Hodges was the most widely travelled artist of his day, representing extensive global territories so profusely. Apprenticed to landscape painter Richard Wilson, he was on the second voyage to the Pacific with Captain Cook as a draughtsman in 1772. This expedition’s artist, employed by the Admiralty, produced many portrait sketches and large-scale landscape oil paintings of coastal scenes in the South Pacific and the Antarctic. In 1778, he visited India as a first professional landscape painter, and worked for the East India Company for six years. Later in life, he travelled Europe, and briefly worked as a landscape painter at the Pantheon Opera House in St. Petersburg, Russia. Hodges staged a one-man show in London, centered on two epic l...
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...documentation, which demonstrate his mix of immediacy and idealization. Despite the Enlightenment and imperialism ended, Hodges’s place as a professional landscape painter in the art history should not be underrated. That is why his paintings are still at display at the Queen’s House at Greenwich in London.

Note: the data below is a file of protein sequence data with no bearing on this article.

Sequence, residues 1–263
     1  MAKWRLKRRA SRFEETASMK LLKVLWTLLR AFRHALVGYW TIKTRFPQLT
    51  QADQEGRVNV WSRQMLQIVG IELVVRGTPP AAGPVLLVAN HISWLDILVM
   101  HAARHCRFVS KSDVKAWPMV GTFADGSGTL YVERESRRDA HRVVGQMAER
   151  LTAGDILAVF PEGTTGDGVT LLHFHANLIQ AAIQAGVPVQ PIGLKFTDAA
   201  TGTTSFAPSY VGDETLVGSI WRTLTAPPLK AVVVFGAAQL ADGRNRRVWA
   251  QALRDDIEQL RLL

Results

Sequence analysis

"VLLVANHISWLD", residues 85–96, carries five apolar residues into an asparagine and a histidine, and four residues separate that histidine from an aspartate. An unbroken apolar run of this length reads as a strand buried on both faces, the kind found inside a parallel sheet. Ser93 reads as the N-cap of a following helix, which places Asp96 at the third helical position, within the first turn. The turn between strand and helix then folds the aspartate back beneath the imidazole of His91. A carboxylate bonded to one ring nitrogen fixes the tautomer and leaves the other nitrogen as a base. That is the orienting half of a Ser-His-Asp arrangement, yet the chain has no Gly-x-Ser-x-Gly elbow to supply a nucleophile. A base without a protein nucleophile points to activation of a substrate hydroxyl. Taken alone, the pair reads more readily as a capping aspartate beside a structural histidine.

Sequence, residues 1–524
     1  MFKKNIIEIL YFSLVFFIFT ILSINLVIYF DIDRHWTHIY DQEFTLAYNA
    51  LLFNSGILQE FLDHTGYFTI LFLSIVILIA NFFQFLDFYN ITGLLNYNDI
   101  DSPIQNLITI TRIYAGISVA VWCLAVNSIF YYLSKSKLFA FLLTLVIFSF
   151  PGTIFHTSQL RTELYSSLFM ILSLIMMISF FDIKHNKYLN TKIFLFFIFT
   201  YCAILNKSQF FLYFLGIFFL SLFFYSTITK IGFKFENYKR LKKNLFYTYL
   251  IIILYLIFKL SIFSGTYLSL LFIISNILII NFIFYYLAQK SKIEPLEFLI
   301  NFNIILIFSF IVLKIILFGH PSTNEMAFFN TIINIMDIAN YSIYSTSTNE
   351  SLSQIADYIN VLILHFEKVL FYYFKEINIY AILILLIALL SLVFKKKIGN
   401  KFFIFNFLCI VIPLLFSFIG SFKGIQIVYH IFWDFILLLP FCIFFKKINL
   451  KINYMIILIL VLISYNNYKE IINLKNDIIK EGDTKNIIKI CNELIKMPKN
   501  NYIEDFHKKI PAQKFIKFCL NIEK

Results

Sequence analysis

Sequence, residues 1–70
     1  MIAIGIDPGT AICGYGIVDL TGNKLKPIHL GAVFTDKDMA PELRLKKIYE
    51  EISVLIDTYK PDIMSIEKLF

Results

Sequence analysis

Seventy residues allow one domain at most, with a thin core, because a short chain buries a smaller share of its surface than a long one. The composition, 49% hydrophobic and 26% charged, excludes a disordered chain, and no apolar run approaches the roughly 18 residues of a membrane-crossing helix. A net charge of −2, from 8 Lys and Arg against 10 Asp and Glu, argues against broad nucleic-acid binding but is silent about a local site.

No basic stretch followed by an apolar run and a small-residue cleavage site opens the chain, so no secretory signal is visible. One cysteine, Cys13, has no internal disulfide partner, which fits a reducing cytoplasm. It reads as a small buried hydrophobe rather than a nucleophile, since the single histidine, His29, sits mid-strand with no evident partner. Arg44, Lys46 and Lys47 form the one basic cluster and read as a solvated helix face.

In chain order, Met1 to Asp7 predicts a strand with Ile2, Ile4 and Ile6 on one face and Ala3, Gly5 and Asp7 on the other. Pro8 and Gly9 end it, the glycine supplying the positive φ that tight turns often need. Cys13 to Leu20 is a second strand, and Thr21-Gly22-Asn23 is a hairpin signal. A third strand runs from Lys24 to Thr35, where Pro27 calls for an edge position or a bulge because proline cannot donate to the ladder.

Bernard Smith. Imagining the Pacific: In the Wake of the Cook Voyages (New Haven and London, Yale University Press, 1992) p 131-134
Geoff Quilley and John Bonehill. William Hodges 1744-1797: The Art of Exploration (New Haven, Yale University Press, 2004) p 1-4
Mark Cocker. Rivers of Blood, Rivers of Gold: Europe’s Conquest of Indigenous Peoples (London, Grove Press Books, 1998) p 169-171
Victoria S. Lockwood. Tahitian Transformation: Gender and Capitalist Development in a Rural Society (Boulder, Rienner Publishers Inc., 1993) p 22-25
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